No potential conflict of interest relevant to this article was reported.


Conceptualization: GKY, BH, AT. Data curation: GKY, BH, MY. Methodology: BH, MY, AT. Project administration: GKY, BH, AT. Visualization: GKY. Writing–original draft: GKY, BH. Writing–review & editing: GKY, BH, AT.


1. Whittaker A, Anson M, Harky A. Neurological manifestations of COVID-19: a systematic review and current update. Acta Neurol Scand 2020;142:14–22.
2. Taquet M, Geddes JR, Husain M, Luciano S, Harrison PJ. 6-Month neurological and psychiatric outcomes in 236 379 survivors of COVID-19: a retrospective cohort study using electronic health records. Lancet Psychiatry 2021;8:416–27.
3. Misra S, Kolappa K, Prasad M, Radhakrishnan D, Thakur KT, Solomon T, et al. Frequency of neurologic manifestations in COVID-19: a systematic review and meta-analysis. Neurology 2021;97:e2269–81.
4. Li Y, Li M, Wang M, Zhou Y, Chang J, Xian Y, et al. Acute cerebrovascular disease following COVID-19: a single center, retrospective, observational study. Stroke Vasc Neurol 2020;5:279–84.
5. Requena M, Olivé-Gadea M, Muchada M, García-Tornel Á, Deck M, Juega J, et al. COVID-19 and stroke: incidence and etiological description in a high-volume center. J Stroke Cerebrovasc Dis 2020;29:105225.

Article information Continued

Table 1.

Patient characteristics of COVID-19 patients with neurological diseases

Variable P1 P2 P3 P4 P5 P6 P7 P8 P9 P10 P11 P12 P13 P14 P15 P16 Median (IQR)
Age (yr) 55 78 71 54 55 19 51 82 22 57 82 65 48 73 72 67 61 (52–73)
Sex M M M M M M M M M M M M M F M M NA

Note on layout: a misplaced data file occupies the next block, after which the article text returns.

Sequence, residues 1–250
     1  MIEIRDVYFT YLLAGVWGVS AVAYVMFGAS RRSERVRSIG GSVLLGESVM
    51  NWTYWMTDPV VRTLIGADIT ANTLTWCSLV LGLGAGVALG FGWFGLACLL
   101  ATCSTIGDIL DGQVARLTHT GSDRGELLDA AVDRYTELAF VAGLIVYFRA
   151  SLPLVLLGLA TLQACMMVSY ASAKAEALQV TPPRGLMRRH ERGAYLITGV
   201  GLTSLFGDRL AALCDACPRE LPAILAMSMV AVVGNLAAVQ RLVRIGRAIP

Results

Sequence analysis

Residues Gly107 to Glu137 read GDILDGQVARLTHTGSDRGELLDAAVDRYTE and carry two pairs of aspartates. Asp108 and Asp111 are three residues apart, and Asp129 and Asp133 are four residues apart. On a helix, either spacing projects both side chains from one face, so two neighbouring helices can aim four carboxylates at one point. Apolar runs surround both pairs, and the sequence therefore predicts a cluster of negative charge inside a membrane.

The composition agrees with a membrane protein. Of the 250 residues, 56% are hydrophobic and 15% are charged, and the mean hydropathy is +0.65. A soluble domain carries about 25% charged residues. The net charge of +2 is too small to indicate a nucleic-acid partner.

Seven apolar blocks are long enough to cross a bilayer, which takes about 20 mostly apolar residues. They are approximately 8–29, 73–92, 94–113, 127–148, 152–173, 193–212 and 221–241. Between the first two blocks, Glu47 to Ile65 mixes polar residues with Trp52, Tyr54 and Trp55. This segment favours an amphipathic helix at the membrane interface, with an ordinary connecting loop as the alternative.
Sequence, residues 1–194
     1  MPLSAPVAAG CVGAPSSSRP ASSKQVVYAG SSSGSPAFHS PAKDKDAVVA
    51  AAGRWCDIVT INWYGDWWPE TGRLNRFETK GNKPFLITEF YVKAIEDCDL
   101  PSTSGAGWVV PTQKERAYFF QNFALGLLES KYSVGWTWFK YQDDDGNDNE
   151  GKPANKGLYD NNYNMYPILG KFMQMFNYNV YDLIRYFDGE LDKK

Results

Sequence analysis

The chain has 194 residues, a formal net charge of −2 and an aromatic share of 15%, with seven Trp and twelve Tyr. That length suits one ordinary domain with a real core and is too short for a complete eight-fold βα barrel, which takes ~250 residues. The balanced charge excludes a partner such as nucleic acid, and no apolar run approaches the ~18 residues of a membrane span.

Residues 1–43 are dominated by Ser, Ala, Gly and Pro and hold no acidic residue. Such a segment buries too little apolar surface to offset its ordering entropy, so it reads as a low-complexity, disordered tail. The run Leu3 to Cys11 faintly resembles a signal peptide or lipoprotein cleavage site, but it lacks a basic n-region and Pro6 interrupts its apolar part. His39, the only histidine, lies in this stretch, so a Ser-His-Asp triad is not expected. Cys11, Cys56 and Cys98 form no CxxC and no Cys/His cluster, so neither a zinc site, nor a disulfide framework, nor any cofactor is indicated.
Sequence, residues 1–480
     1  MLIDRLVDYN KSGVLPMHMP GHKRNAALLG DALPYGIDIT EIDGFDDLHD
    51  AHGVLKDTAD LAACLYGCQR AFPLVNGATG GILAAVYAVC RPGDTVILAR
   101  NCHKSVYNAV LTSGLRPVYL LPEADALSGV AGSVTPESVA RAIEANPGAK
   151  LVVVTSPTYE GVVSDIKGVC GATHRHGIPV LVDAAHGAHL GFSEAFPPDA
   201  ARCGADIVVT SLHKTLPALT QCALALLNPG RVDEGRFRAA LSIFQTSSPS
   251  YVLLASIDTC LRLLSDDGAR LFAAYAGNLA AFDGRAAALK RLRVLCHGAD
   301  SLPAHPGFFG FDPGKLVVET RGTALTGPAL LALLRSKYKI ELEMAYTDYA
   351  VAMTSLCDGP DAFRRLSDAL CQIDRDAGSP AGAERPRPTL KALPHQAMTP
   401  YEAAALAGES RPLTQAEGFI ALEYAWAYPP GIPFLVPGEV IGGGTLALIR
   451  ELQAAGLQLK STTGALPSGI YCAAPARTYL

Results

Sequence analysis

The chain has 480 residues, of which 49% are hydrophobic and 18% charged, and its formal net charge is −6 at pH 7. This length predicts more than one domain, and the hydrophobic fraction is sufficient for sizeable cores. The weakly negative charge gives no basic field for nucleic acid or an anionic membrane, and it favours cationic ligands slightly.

Comorbidity Renal transplant HT, DM, stroke HT, DM None HT, DM Bicuspid aortic valve None HT, DM None Malignancy TIA, AF, HT HT, DM, CAD Malignancy HT DM, HT, stroke AF, CAD NA
SOFA score on admission 7 6 2 6 2 7 2 2 6 3 2 5 6 3 4 0 3.5 (2–6)
APACHE II score 30 23 11 15 11 20 10 13 16 14 15 15 22 15 10 10 15 (11–19)
ECOG 2 2 1 0 0 2 0 1 0 1 3 0 3 3 3 3 1·5 (0–3)
CFS 3 6 2 1 1 4 3 4 1 3 7 2 7 2 7 4 3 (2–5.5)
Neurological complication IS IS IS IS IH IS GBS IS MEN IS IS IS IS IS IS IS NA
Length of stay in the ICU (day) 61 3 8 87 7 2 10 24 7 15 25 96 34 46 8 2 12.5 (7–43)
Length of stay in hospital (day) 67 4 8 87 13 6 16 31 18 45 25 96 34 46 16 8 21.5 (9.3–45.8)
ICU mortality Yes Yes No No No Yes No Yes No No Yes No Yes No No No NA
Hospital mortality Yes Yes No No No Yes Yes No No Yes Yes No Yes No No No NA
Cranial MRI/MRA Acute right ACA and MCA territory infarcts Acute right MCA territory infarct Acute left hemipontine infarct Bilateral multiple acute ischemic lesions Right thalamic hematoma Acute right MCA territory infarct/right distal MCA occlusion - Acute right PCA territory infarct Diffuse leptomeningeal contrast enhancement Bilateral multiple acute infarcts Left ACA-MCA watershed zone, left pontine paramedian, right cerebellar acute infarcts Acute left PCA territory infarct Acute complete right MCA territory infarct/MCA M2 occlusion Bilateral multiple acute infarcts Acute right thalamic infarct Acute right SCA territory infarct NA

COVID-19: coronavirus disease 2019; P: patient; IQR: interquartile range; NA: not applicable; HT: hypertension; DM: diabetes mellitus; TIA: transient ischemic attack; AF: atrial fibrillation; CAD: coronary artery disease; SOFA: Sequential Organ Failure Assessment; APACHE : Acute Physiology and Chronic Health Evaluation; ECOG: Eastern Cooperative Oncology Group; CFS: Clinical Frailty Scale; IS: ischemic stroke; IH: intracranial haemorrhage; GBS: Guillain-Barre syndrome; MEN: meningitis; ICU: intensive care unit; MRI: magnetic resonance imaging; MRA: magnetic resonance angiography; ACA: anterior cerebral artery; MCA: middle cerebral artery; PCA: posterior cerebral artery; SCA: superior cerebellar artery.